John A. Hildebrand

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Fin whales are among the largest predators on earth, yet little is known about their foraging behavior at depth. These whales obtain their prey by lunge-feeding, an extraordinary biomechanical event where large amounts of water and prey are engulfed and filtered. This process entails a high energetic cost that effectively decreases dive duration and(More)
Calling blue and fin whales have been tracked using relative travel times and amplitudes from both direct and multipath arrivals to a seafloor array of seismometers. Calls of three fin whales swimming in the same general direction, but several kilometers apart, are believed to represent communication between the whales because of signature differences in(More)
The finite element modeling (FEM) space reported here contains the head of a simulated whale based on CT data sets as well as physical measurements of sound-propagation characteristics of actual tissue samples. Simulated sound sources placed inside and outside of an adult male Cuvier's beaked whale (Ziphius cavirostris) reveal likely sound propagation(More)
Blue (Balaenoptera musculus) and fin whales (B. physalus) produce high-intensity, low-frequency calls, which probably function for communication during mating and feeding. The source levels of blue and fin whale calls off the Western Antarctic Peninsula were calculated using recordings made with calibrated, bottom-moored hydrophones. Blue whales were(More)
The acoustic calls of blue whales off California are described with visual observations of behavior and with acoustic tracking. Acoustic call data with corresponding position tracks are analyzed for five calling blue whales during one 100-min time period. Three of the five animals produced type A-B calls while two produced another call type which we refer(More)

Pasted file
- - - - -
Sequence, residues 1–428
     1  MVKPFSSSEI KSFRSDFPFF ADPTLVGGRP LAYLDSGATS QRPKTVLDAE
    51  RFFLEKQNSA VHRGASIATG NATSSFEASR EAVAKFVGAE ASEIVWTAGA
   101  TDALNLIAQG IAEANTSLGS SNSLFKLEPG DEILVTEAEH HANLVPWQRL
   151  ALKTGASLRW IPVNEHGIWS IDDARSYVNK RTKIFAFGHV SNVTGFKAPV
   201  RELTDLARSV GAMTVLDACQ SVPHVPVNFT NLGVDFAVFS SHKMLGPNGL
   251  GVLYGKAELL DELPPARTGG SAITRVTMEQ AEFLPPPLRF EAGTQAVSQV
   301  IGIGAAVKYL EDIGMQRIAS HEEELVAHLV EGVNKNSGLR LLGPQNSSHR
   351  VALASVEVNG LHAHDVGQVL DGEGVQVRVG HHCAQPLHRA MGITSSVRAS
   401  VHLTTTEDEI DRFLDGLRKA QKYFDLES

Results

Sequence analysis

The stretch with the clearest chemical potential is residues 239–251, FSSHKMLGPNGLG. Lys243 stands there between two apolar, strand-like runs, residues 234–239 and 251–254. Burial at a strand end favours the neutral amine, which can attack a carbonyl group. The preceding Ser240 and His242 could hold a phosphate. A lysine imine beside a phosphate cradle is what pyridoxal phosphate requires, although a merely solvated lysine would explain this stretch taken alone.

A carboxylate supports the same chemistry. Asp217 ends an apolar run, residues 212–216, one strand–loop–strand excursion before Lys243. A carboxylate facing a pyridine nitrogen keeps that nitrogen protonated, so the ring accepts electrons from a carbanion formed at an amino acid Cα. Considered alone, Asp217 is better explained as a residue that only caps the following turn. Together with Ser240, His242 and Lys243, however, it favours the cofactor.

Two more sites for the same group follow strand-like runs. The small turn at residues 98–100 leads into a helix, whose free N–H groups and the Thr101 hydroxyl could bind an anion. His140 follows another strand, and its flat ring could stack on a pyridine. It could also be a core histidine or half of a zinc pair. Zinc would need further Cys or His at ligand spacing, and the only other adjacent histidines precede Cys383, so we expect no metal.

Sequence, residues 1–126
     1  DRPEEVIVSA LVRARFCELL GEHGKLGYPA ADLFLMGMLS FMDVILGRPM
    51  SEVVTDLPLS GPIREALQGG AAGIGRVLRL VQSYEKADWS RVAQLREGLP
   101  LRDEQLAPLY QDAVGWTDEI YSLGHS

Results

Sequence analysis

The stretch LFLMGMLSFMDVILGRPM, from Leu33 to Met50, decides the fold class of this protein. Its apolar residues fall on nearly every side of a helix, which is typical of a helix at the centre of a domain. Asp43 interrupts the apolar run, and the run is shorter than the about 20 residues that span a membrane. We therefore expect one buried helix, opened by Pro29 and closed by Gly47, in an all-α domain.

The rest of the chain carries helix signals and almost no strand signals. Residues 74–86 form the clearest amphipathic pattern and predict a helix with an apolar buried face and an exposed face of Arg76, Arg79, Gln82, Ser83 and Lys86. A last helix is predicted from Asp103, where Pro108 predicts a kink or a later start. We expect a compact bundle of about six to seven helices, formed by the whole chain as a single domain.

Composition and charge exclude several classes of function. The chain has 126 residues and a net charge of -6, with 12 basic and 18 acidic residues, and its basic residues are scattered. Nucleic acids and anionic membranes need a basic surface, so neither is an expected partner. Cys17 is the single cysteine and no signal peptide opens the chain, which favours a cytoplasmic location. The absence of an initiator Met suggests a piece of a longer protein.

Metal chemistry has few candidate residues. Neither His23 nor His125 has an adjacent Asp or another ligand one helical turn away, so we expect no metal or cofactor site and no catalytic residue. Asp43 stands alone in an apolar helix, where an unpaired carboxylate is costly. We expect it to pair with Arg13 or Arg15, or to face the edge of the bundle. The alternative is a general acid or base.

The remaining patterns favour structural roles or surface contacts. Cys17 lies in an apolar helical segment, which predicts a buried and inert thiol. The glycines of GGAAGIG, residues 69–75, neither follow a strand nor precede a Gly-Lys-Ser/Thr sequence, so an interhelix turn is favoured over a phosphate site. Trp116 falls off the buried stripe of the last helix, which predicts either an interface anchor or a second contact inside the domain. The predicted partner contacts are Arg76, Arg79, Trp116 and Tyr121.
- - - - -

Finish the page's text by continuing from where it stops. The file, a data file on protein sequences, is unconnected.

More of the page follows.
Northeast Pacific blue whales seasonally migrate, ranging from the waters off Central America to the Gulf of Alaska. Using acoustic and satellite remote sensing, we have continuously monitored the acoustic activity and habitat of blue whales during 1994–2000. Calling blue whales primarily aggregate off the coast of southern and central California in the(More)
We assessed the behavioral context of calls produced by blue whales Balaenoptera musculus off the California coast based on acoustic, behavioral, and dive data obtained through acoustic recording tags, sex determination from tissue sampling, and coordinated visual and acoustic observations. Approximately one-third of 38 monitored blue whales vocalized, with(More)
Shear-wave splitting analysis of local events recorded on land and on the ocean floor in the Tonga arc and Lau backarc indicate a complex pattern of azimuthal anisotropy that cannot be explained by mantle flow coupled to the downgoing plate. These observations suggest that the direction of mantle flow rotates from convergence-parallel in the Fiji plateau to(More)
Anthropogenic noise may significantly impact exposed marine mammals. This work studied the vocalization response of endangered blue whales to anthropogenic noise sources in the mid-frequency range using passive acoustic monitoring in the Southern California Bight. Blue whales were less likely to produce calls when mid-frequency active sonar was present.(More)